Recall that back on October 30, the Special Inspector General for Afghanistan Reconstruction informed us in a quarterly report that the military suddenly has classified its evaluation of the capabilities of Afghan National Security Forces (ANSF). One of the key commanders who may have been involved in this classification decision, Lt. General Joseph Anderson, who is the head of ISAF Joint Command, held a telephone briefing yesterday. The attached partial screenshot here shows the rah-rah article that DoD News put out covering the briefing. The headline blares “Afghan Forces Winning, ISAF Joint Command Chief Says” and opens with gushing praise for ANSF:
In the final days of the International Security Assistance Force mission in Afghanistan, the Afghan national security forces are winning and the long coalition effort is taking hold, the commander of ISAF Joint Command said today.
In a teleconference with Pentagon reporters from his headquarters in the Afghan capital of Kabul, Army Lt. Gen. Joseph Anderson said that despite these gains, progress remains to be made.
The Afghan national security forces include Afghanistan’s armed forces, national police, border police, local police and members of the National Directorate of Security.
“They are the most trusted government organization in Afghanistan,” Anderson said. “They are trying to provide time and space for this society to grow and reduce the insurgency.”
Ah, but did Anderson go too far? Recall that the evaluation of ANSF capability has been classified. Here is what comes next in the cheerleading article:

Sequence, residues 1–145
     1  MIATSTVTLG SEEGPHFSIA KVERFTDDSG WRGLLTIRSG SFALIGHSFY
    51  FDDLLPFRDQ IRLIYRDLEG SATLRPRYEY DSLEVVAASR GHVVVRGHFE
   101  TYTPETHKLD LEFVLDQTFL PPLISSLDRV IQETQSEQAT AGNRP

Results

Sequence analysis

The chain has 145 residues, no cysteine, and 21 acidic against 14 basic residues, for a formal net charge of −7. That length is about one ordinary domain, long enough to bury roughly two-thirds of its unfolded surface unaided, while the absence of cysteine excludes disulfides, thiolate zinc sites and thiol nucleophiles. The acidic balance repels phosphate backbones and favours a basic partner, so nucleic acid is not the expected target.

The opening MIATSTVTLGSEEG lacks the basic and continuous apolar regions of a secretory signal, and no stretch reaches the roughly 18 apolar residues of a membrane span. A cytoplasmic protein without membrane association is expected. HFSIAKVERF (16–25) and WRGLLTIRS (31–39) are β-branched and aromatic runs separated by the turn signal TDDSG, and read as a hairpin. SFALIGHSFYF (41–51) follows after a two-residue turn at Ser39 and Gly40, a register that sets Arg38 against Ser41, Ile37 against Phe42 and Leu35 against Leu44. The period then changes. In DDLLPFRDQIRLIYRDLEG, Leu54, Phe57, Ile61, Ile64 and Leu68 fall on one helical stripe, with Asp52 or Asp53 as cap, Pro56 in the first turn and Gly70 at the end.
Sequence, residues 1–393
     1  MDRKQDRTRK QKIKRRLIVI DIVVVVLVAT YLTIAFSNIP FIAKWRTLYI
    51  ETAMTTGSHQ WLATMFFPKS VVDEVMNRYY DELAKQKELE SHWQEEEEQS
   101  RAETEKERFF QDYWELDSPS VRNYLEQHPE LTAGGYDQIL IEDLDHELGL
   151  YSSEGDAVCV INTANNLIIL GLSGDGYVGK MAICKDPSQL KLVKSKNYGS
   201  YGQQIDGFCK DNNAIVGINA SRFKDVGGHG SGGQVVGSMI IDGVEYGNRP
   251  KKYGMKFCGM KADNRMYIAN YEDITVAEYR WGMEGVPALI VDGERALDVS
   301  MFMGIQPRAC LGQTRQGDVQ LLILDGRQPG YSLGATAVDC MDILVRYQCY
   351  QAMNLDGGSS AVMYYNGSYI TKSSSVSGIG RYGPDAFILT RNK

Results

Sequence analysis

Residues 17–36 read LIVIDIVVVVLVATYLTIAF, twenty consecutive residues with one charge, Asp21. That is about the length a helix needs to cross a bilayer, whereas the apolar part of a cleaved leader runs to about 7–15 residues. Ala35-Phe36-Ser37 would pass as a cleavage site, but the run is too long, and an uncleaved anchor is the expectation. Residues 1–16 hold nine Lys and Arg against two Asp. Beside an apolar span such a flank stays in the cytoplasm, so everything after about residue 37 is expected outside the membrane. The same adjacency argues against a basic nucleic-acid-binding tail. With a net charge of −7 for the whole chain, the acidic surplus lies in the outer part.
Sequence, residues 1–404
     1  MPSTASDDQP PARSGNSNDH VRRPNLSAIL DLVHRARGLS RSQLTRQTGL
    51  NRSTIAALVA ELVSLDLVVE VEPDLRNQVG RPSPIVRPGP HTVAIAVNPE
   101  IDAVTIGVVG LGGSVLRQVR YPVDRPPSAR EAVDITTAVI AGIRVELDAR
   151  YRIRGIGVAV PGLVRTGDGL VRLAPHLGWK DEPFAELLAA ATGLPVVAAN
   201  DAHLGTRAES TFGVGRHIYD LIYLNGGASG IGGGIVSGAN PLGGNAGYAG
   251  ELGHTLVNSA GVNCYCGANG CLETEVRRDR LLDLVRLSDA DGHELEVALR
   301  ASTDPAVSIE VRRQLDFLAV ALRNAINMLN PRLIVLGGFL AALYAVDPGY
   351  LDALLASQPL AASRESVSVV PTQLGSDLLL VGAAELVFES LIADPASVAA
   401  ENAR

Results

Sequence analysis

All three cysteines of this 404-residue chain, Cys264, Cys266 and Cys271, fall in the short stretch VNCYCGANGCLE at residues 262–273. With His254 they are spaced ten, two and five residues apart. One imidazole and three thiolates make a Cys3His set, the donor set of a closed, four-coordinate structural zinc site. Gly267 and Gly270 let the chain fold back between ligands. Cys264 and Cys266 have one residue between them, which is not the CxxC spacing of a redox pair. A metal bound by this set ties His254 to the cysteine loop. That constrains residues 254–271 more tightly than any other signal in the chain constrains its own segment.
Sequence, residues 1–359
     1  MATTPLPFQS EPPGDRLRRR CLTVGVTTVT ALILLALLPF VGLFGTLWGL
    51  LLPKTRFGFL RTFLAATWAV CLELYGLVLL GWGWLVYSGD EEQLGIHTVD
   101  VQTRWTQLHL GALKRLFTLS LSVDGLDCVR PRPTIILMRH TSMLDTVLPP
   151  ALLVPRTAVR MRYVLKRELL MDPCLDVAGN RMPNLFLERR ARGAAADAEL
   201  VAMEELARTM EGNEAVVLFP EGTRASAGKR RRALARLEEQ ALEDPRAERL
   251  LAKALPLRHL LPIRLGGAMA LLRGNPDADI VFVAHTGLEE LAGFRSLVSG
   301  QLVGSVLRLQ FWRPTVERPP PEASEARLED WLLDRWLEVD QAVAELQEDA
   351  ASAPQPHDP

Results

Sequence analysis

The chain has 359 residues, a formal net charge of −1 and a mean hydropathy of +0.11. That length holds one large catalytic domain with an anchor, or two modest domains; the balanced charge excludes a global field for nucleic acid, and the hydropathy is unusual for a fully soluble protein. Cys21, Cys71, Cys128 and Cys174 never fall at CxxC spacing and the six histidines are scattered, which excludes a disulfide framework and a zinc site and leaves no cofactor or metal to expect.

He called the Afghan national security forces a hugely capable fighting force that has been holding its ground against the enemy.
Hmmm. Is that a leak of classified information? Saying that ANSF is “a hugely capable fighting force” sure sounds like a statement based on an evaluation of ANSF capability similar to the evaluation that has been classified. Here once again is the SIGAR description (pdf) of the evaluation suddenly becoming classified:
This quarterly report also examines the reconstruction effort across the security, governance, and economic sectors. In the security sector, SIGAR was deeply troubled by the decision of the International Security Assistance Force (ISAF) to classify the executive summary of the report that assesses the capability of the ANSF. For years, SIGAR has used the ISAF report as a primary metric to show Congress and the public the effectiveness of the $61.5 billion U.S. investment to build, train, equip, and sustain those forces. Prior to this quarter, aggregate data on the operational effectiveness of the ANSF were unclassified in the Regional ANSF Status Report (RASR) as well as its predecessors, the Commanders’ Unit Assessment Tool (CUAT) and the Capability Milestone rating system.
ISAF’s classification of the report summary deprives the American people of an essential tool to measure the success or failure of the single most costly feature of the Afghanistan reconstruction effort. SIGAR and Congress can of course request classified briefings on this information, but its inexplicable classification now and its disappearance from public view does a disservice to the interest of informed national discussion. Moreover, while SIGAR understands that detailed, unit-level assessments could provide insurgents with potentially useful intelligence, there is no indication that the public release of aggregated data on ANSF capabilities has or could deliver any tactical benefit to Afghan insurgents.
So ISAF classifies the Regional ANSF Status Report but then unleashes the chief of ISAF Joint Command to make a statement that ANSF is “hugely capable” even though, as SIGAR notes, the public now has no way to have an “informed national discussion” on whether Anderson’s claim has any basis.
I’m sure that leak investigation will get started any century now.